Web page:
TJG: You’ve talked a lot about Steve as a technical player, a lot of the theoretical and physical things you’ll be able to learn from him. But we were also just taking about the very spiritual, social underpinnings of your last project. I wonder if you’re ever in that kind of mindset when you’re thinking about what you can gain from this mentorship with Steve.

MG: Well, I have a rule for people that I work with: I need to be able to learn from them on a human level, as well as on a musical level. For one to get the kind of the ability that Steve has, you need a lot of dedication, and that dedication comes with sacrifice. It’s a kind of spiritual act. That’s how I see it from the outside, in terms of what he’s doing. It feels like that for me too, a lot of the time. There are many nights when I’d like to go out and see a movie, but I don’t, because I’m feeling that hunger where I want to express something, so I have to learn how to do it on the saxophone. I’ve known Steve for a while, and I’ve learned a lot from watching him. He’s a humble person and he’s really focused on stage. I’ve watched him perform a lot. He has that cutting focus that says “This is what I’m here for.” He’s a nice guy, a family man, and I admire that overall lifestyle, of someone being a good person and being really focused. There’s a lot I want to learn about that life. He has kids. How to travel, all that stuff. So it’s not just going to be learning on the bandstand. I have so much I want to learn about that lifestyle, everything it entails.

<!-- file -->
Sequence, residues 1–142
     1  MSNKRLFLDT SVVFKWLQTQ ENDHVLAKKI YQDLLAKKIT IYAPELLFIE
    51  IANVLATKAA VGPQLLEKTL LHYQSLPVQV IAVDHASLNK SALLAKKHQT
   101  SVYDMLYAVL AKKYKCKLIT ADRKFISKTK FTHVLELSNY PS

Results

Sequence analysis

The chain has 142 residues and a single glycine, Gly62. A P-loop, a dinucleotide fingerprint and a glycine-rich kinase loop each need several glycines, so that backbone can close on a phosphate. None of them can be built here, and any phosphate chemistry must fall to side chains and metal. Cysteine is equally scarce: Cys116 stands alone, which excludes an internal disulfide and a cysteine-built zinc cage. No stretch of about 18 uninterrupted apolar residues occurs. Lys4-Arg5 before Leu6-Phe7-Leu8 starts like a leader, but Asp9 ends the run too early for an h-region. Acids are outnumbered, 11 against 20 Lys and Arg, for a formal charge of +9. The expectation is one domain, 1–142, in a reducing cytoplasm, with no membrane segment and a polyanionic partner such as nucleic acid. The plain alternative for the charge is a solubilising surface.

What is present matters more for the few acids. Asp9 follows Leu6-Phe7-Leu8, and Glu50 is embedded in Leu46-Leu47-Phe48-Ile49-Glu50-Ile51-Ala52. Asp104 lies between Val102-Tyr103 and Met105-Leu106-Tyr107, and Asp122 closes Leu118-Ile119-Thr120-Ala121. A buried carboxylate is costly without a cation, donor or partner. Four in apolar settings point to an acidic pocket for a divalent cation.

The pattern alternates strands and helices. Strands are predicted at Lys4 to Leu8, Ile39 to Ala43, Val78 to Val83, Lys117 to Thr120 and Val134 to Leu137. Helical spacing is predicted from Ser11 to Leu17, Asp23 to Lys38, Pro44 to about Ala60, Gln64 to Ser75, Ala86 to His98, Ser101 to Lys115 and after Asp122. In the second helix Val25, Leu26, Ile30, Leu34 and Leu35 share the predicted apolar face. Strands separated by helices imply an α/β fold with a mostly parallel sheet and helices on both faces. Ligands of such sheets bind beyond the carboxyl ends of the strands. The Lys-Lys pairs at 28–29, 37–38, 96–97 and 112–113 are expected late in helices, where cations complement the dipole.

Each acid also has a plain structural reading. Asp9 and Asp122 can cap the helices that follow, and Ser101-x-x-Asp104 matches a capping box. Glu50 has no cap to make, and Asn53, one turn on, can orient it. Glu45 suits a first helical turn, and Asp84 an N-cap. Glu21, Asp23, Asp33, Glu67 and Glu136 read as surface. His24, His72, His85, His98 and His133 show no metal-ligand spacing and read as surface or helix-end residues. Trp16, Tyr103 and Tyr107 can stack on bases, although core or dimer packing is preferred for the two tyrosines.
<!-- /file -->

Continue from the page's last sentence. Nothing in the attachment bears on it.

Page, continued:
TJG: There’s a lot of mystery in that lifestyle, and you’re in a great position to take a peek. I know you’ve taught a lot, across the US, Europe, and South America. Have you found the space to be mentor and teacher to others in a more direct, non-institutional long-term way?

MG: Definitely. If I can’t share what I’ve learned, there’s no point having it. When you meet someone who wants to learn, and see they have potential, you resonate with them. You say, “I see what’s happening for you now, because that was me once, I’ve been exactly there.” It’s such a gift, because you learn as much as they learn by showing them something. I often see it happening with young women. I look and I say, “I know you, I know where you are right now, and I want to transmit everything I have.” I’ve had to pay a lot of dues along the way, things were not that easy. Now, I want to give my information to people who can use it. It’s really important to me. There’s a girl in Cuba that I’ve known for a while, Mónica Viera. She’s really talented. She actually inspired a lot of the things I wrote for my commission at The Gallery. That’s the thing. When you’re mentoring somebody, they teach you a lot as well. She might say, “Hey, let’s try this a different way,” and I’ll say “Yeah, wait, hold on, that’s a really good idea.” Whenever I mentor or teach someone, I learn as much as they do. Maybe more.

The Jazz Gallery Mentorship Series, vol. 4, ed. 1, begins with saxophonists Steve Lehman and Maria Grand this Tuesday, September 26th, 2017 with a performance at The Nation Jazz Museum in Harlem. The group features Mr. Lehman on alto saxophone, Ms. Grand on tenor saxophone, Matt Brewer on bass, and Damion Reid on drums. One set at 7 P.M. $15 general admission. Purchase tickets here.